A few months back I had the opportunity to present at ApacheCon in Denver, CO.  While the conference was small, I had the chance to meet some interesting people in the community and learn about some other Apache projects.

My presentation was an introduction to how to use Camel to address common business problems (common to my experience anyways).

Here is a link to my presentation slides and the audio, feedback is welcome...

Tuesday, November 8, 2011

Creating A Custom Camel Component

While Camel supports an ever growing number of components, you might have a need to create a custom component. This could be to either promote reuse across projects, customize an existing component or provide a simplified interface to an existing system. Whatever the reason, here is an overview of the options that are available within the Camel framework...

first, consider just creating a Bean or Processor

Before you jump in and create a component, consider just creating a simple class to handle your custom logic. Behind the scenes, all components are just Processors with a bunch of lifecycle support around them.  Beans and Processors are simple, streamlined and easy to manage.

using a Bean...

public class MyBean {
    public void doSomething(Exchange exchange) {
      //do something...

using a Processor...

from(uri).process(new MyProcessor());
public class MyProcessor implements Processor {
    public void process(Exchange exchange) throws Exception {
        //do something... 

create a custom component

If you decide to go down this route, you should start by start by using a Maven archetype to stub out a new component project for you.

mvn archetype:generate
This will create a new Maven component project that contains an example HelloWorld component as seen here...

The following core classes are created and have the following responsibilities:

  • HelloWorldComponent
    • endpoint factory which implements createEndpoint()
  • HelloWorldEndpoint
    • producer/consumer factory which implements createConsumer(), createProducer(), createExchange()
  • HelloWorldConsumer
    • acts as a service to consumes request at the start of a route
  • HelloWorldProducer
    • acts as a service consumer to dispatch outgoing requests and receive incoming replies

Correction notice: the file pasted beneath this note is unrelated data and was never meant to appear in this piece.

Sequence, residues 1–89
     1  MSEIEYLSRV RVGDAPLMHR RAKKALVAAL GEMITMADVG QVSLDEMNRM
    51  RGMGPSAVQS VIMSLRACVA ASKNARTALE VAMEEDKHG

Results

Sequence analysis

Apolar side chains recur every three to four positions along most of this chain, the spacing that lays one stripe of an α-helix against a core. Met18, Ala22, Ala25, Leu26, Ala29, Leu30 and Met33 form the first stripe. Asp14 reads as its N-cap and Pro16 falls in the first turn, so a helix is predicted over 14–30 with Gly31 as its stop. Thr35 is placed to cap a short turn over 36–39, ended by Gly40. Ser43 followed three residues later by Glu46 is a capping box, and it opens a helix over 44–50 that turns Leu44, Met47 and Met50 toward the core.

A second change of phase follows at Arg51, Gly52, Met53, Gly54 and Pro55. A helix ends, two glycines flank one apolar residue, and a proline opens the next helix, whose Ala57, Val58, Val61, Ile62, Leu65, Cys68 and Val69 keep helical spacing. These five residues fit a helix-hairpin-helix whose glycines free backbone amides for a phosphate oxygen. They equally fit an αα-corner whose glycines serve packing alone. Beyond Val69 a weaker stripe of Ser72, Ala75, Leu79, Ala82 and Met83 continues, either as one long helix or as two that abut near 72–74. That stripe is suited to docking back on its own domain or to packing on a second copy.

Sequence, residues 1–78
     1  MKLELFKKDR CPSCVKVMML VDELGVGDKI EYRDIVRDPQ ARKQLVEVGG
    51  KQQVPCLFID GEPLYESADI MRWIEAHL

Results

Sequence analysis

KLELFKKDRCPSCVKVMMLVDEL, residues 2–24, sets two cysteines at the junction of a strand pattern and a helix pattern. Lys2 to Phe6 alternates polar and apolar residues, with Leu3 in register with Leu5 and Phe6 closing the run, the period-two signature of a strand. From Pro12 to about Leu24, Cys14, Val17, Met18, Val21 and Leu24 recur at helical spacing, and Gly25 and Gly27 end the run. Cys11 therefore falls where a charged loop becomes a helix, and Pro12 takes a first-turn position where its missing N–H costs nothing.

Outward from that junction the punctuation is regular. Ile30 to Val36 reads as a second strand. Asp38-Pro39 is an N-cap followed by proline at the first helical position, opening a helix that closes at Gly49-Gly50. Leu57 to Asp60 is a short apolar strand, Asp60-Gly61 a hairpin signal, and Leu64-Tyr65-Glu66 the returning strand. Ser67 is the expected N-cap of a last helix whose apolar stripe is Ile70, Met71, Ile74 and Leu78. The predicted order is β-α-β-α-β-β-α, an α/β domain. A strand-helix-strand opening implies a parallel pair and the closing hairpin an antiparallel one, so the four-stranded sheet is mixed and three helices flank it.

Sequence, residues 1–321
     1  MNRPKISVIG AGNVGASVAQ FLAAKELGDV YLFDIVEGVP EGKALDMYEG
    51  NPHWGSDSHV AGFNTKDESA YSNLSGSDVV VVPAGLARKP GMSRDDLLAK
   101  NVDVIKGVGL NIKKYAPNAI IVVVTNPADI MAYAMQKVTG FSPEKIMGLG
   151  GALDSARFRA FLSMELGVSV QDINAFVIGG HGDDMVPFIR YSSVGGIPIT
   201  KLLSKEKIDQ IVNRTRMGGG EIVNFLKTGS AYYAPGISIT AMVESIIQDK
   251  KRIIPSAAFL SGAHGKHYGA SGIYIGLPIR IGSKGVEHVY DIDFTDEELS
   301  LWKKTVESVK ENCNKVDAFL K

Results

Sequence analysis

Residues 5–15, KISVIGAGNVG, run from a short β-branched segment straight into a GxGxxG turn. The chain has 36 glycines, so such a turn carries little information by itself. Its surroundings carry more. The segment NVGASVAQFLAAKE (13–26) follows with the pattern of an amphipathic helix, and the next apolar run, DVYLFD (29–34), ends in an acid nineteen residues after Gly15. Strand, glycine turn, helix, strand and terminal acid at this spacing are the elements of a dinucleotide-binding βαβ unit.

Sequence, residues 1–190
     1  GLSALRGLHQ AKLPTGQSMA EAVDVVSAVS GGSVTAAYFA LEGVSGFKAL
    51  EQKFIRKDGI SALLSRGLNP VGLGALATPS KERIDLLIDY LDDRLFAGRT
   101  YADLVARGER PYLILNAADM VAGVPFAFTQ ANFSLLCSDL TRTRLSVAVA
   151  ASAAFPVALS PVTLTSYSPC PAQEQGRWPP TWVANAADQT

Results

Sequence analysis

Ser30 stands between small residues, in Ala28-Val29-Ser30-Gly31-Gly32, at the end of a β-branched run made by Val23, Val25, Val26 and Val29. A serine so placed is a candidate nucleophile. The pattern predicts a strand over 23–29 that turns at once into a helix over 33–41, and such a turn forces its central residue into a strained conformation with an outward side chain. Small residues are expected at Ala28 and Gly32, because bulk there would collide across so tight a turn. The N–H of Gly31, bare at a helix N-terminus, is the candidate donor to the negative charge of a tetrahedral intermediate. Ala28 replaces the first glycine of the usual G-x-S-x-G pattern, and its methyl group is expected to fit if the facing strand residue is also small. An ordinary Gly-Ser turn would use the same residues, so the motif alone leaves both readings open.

• Exchange
    • encapsulate the in/out message payloads and meta data about the data flowing between endpoints
  • Message
    • represent the message payload
    • their is an IN and OUT message for each exchange 
So, how do all these classes/method actually work?  The best way to get your head around this is to load the project into Eclipse (or IntelliJ) and debug the unit test.  This will allow you to step into the route initialization and message processing to trace the flow.

Consumer Lifecycle

When you define a route that uses your new component as a consumer, like this

It does the following:
  • creates a HelloWorldComponent instance (one per CamelContext)
  • calls HelloWorldComponent createEndpoint() with the given URI
  • creates a HelloWorldEndpoint instance (one per route reference)
  • creates a HelloWorldConsumer instance (one per route reference)
  • register the route with the CamelContext and call doStart() on the Consumer
  • consumers will then start in one of the following modes:
    • event driven - wait for message to trigger route
    • polling consumer - manually polls a resource for events
    • scheduled polling consumer - events automatically generated by timer
    • custom threading - custom management of the event lifecyle

Producer Lifecycle

When you define a route that uses your new component as a producer, like this
It does the following:
  • creates a HelloWorldComponent instance (one per CamelContext)
  • calls HelloWorldComponent createEndpoint() with the given URI
  • creates a HelloWorldEndpoint instance (one per route reference)